How are blockchains secured?

Blockchains are secured by a variety of mechanisms, including advanced cryptographic techniques and mathematical models for behaviour and decision making. Blockchain is the underlying technology of most cryptocurrency systems. It is what prevents this type of digital money from being duplicated or destroyed. The use of blockchain technology is also investigated in other contexts where data immutability and security are very valuable. Some examples are the recording and tracking of charitable donations, medical databases and the management of supply chains.

Unfortunately, blockchain security is far from being a simple subject. It is therefore essential to understand the basic concepts and mechanisms that provide robust protection for these innovative systems.

Immutability and consensus

Although many features help in the security associated with the blockchain, two of the most important are the concepts of consensus and immutability. Consensus refers to the ability of nodes within a distributed blockchain network to agree on the current state of the network. Typically, the process of reaching consensus depends on what is known as consensus algorithms.

Immutability, on the other hand, refers to the capability of blockchains to prevent modification of already confirmed transactions. Although these transactions often involve the transfer of cryptocurrencies. It may also refer to the recording of other non-monetary forms of digital data.

Combined, consensus and invariability provide the framework for the security of data in blockchain networks. The consensus algorithms ensure that rules of the system are followed and that participants agree on the present state of the network. Simultaneously, the immutability guarantees the integrity of the data and the transaction ledgers. Each new block of data is confirmed to be valid.


Blockchains rely heavily on cryptography to secure data. In this situation, the so-called cryptographic hashing functions are of critical importance. Hashing is a process in which an algorithm (hash function) receives an input of data of any size and produces an output (hash) containing a predictable and fixed size. The hash is a sequence of numbers and letters.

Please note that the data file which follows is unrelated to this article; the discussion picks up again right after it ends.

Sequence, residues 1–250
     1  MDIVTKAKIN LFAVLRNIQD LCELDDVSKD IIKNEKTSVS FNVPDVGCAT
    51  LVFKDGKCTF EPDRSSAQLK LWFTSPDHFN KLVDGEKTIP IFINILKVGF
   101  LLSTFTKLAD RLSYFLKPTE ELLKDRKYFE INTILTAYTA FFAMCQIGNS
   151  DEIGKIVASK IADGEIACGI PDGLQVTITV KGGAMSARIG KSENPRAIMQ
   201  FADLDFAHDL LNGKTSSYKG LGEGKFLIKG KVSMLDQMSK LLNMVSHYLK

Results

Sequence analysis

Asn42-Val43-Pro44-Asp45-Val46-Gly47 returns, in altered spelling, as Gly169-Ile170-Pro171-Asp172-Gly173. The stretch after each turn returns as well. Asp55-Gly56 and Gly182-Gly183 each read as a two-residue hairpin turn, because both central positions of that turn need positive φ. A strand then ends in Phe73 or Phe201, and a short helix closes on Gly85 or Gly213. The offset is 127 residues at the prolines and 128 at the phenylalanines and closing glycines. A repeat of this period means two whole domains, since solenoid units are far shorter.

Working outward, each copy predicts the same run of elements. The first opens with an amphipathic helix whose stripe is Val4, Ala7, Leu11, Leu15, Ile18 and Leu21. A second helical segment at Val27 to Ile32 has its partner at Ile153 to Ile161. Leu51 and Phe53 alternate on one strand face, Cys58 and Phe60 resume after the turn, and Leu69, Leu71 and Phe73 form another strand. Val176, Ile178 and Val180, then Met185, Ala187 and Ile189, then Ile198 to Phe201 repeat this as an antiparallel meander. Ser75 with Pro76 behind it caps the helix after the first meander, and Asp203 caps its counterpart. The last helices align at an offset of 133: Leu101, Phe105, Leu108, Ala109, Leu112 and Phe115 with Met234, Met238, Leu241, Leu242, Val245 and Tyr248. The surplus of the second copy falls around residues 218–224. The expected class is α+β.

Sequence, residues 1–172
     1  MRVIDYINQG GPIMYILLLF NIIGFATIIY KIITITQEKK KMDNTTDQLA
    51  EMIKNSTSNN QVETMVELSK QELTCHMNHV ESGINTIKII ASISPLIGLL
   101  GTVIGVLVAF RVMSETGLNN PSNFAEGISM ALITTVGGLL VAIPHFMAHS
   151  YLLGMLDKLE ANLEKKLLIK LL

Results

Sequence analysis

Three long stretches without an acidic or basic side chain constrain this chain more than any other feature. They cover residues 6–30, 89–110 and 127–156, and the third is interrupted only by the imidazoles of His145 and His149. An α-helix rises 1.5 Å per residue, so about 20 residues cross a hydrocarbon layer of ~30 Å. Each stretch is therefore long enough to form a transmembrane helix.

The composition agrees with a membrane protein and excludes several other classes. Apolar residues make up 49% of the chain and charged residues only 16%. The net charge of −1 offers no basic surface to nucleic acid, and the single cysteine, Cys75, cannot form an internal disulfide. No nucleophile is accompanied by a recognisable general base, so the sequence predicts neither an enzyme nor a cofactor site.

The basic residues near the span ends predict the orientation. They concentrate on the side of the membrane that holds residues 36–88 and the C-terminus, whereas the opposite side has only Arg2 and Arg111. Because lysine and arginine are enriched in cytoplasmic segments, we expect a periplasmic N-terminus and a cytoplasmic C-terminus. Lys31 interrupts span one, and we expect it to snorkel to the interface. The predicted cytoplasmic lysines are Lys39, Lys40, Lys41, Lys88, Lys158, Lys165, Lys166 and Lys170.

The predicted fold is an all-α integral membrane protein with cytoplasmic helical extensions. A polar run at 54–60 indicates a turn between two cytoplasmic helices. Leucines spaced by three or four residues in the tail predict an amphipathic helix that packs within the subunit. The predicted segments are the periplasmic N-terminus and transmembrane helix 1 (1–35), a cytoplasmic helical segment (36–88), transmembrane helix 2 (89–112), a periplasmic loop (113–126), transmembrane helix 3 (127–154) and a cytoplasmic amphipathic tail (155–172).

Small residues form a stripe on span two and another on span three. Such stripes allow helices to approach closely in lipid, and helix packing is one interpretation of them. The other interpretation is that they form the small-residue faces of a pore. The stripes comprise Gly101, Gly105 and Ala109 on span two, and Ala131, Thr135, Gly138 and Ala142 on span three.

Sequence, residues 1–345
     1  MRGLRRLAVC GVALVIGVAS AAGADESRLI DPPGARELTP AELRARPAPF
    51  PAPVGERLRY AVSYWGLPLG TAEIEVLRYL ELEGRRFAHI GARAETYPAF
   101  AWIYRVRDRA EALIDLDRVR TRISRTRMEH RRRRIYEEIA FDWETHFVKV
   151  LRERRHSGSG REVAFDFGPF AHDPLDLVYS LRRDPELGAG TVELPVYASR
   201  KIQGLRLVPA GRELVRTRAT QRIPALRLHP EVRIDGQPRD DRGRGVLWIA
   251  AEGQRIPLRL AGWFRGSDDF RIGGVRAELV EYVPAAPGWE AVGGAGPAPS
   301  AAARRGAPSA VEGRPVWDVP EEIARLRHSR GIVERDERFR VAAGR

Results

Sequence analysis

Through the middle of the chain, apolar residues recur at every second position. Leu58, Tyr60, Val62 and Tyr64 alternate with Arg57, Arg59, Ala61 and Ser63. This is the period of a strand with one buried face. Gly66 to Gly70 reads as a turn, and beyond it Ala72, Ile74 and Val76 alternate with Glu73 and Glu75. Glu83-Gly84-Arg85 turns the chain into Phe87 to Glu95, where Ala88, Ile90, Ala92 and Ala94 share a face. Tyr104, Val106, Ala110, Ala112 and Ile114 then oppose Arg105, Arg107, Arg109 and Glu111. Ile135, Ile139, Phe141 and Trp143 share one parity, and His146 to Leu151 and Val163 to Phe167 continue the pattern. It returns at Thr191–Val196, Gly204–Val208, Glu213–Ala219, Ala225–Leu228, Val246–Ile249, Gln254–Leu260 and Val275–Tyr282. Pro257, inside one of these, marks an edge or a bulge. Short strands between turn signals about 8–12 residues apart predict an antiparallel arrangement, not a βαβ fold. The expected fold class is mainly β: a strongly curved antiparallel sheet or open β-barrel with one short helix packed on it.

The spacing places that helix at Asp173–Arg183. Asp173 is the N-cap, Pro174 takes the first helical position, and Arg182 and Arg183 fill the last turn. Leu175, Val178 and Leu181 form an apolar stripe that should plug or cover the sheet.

Regardless of the size of the input, the output will always have the same length. However, if the input changes, the output will be completely different. Although, if the data does not change, the resulting hash will always be the same - no matter how many times you perform the hash function.

Within blockchains, these output values, or hashes, are used as unique identifiers for blocks. The hash of each block is generated in combination to the previous block's hash, which is what creates a chain of linked blocks. The hash of a block depends on the data in that block, meaning that any change in the data results in the hash of the block. Thus, the hash of each block is generated based on both the data in that block and the hash of the previous block. These hash identifiers play an important role in ensuring the security and immutability of the blockchain.

Hashing is also used in the consensus algorithms used to validate transactions. For example, on the Bitcoin blockchain, the Proof of Work (PoW) algorithm uses a hash function called SHA-256. As its name indicates, SHA-256 takes over data entry and returns a hash of 256 bits or 64 characters.

In addition to providing protection for transactional repositories on general ledgers, cryptography also helps to ensure the security of the wallets used to store cryptocurrency. The linked public and private keys that allow users to receive and send payments, respectively, are generated by the use of asymmetric cryptography. Private keys are utilized to generate digital signatures for transactions, making it possible to check the ownership of the crypto sent for authenticity.